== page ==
Iranian President Mahmoud Ahmadinejad on Friday announced the creation of significantly more powerful centrifuges for producing nuclear fuel, but avoided certain details that made it difficult to assess whether Tehran could dramatically increase the pace and scope of its uranium enrichment program.
“If they can deploy them, it’s a problem because they can deploy a lot less, which means a smaller facility that’s easier to hide,” David Albright, a former inspector with the International Atomic Energy Agency, the U.N. nuclear watchdog, told The Times.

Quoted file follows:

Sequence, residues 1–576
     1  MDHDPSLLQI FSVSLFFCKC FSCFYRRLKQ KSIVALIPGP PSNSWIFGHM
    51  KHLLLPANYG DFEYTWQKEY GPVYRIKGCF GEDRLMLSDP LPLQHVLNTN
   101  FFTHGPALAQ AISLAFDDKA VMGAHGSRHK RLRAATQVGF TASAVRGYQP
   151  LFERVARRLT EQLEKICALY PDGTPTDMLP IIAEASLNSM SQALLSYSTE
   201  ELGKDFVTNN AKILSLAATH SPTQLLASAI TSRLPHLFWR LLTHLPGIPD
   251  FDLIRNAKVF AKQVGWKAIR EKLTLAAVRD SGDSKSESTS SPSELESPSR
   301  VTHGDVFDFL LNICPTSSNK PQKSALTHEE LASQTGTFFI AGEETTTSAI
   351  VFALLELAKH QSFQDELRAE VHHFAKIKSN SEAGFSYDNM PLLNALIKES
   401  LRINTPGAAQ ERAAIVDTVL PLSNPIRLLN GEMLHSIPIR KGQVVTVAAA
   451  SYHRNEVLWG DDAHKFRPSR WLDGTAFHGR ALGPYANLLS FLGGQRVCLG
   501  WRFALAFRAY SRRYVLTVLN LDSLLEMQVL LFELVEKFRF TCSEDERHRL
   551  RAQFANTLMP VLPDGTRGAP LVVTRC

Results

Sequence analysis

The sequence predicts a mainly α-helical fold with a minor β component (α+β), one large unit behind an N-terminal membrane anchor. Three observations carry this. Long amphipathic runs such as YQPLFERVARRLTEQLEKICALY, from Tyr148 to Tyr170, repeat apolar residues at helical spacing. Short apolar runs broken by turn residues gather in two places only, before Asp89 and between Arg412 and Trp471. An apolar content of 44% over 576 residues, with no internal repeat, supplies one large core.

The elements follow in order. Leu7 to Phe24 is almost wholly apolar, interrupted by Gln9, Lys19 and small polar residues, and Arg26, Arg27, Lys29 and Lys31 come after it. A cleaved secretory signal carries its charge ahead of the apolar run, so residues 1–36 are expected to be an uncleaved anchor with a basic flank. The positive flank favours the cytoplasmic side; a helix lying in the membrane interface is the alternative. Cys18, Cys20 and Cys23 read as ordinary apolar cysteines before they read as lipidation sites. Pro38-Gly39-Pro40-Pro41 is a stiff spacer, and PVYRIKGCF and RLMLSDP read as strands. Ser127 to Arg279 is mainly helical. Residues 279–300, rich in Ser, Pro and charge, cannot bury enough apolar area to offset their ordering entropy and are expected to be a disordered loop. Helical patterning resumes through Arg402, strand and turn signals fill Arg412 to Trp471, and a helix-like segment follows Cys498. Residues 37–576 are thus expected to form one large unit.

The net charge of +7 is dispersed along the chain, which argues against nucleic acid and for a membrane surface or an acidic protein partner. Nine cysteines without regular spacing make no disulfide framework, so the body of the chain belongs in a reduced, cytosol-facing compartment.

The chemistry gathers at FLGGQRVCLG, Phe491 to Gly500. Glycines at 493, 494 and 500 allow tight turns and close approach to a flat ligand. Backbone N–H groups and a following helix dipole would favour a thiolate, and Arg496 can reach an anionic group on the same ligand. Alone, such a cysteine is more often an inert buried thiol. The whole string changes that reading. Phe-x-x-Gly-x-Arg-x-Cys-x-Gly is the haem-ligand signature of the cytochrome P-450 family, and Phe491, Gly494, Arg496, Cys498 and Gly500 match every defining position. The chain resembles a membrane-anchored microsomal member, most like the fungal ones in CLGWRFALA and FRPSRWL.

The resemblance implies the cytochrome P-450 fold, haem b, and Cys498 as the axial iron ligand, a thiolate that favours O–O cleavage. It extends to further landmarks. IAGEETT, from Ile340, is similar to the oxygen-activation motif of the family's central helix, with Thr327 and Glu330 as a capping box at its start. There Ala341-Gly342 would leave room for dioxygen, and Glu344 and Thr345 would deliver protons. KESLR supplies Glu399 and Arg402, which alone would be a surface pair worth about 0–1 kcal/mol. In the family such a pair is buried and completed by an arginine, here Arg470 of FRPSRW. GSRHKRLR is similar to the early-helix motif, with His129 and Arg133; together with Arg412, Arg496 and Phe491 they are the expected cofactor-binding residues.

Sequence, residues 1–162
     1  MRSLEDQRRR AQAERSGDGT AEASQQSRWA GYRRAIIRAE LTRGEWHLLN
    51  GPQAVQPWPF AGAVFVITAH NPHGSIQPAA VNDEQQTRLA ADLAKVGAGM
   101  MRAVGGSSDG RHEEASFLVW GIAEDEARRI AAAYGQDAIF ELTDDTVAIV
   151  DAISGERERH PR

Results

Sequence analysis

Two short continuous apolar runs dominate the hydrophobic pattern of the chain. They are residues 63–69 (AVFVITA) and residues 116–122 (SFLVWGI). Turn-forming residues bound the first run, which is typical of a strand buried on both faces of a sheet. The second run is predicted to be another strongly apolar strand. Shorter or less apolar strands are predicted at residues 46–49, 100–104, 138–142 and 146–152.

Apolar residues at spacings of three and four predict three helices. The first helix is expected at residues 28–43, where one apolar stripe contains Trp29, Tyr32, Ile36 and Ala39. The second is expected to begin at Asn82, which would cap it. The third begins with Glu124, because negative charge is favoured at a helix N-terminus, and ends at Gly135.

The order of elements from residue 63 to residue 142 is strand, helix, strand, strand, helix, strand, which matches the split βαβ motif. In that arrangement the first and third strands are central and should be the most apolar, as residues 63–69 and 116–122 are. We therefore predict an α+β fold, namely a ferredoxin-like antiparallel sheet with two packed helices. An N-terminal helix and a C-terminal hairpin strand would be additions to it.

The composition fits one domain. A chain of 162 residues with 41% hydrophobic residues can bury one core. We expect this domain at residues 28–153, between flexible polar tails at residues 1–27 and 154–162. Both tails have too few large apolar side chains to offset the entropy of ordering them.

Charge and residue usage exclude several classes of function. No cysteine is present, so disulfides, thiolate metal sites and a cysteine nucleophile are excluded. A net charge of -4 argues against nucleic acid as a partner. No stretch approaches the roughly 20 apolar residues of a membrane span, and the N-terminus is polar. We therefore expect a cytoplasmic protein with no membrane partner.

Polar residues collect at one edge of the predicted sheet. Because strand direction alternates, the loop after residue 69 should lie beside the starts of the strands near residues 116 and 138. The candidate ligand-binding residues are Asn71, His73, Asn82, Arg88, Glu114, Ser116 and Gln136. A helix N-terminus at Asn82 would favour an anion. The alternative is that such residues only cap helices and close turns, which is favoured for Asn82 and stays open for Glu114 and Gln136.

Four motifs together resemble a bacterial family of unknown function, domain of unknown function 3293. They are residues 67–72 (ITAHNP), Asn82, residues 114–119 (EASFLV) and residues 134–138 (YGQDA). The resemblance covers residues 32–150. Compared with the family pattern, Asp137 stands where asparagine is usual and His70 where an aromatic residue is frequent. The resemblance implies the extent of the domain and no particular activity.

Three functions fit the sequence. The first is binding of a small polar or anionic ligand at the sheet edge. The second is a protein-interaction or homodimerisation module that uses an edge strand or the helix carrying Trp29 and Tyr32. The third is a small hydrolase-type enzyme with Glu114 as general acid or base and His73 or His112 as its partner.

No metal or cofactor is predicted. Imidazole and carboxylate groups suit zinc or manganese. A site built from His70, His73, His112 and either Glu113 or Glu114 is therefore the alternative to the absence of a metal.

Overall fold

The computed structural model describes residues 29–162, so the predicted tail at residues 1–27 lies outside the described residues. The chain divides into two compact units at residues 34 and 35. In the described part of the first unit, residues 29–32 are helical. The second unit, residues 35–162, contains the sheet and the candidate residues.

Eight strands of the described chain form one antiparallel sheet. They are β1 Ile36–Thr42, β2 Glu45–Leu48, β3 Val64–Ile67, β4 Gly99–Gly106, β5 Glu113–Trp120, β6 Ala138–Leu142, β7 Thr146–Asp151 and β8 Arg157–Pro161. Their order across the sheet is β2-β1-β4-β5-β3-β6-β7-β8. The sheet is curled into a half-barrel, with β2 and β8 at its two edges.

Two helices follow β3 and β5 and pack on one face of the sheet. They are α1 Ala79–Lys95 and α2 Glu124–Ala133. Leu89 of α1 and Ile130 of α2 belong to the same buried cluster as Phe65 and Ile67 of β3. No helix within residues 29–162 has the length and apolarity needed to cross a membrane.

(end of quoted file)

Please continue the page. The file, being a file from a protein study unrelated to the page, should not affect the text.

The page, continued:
“It’s a troubling development if they can build a couple thousand of these machines, but everyone is so cynical with Iran … they want to see evidence,” he said.
Albright also cast doubt on claims that 60,000 more centrifuges will be installed at Iran’s main plant in Natanz. “They’ve been saying that for years,” he said. “They are having trouble getting 4,000 to work.”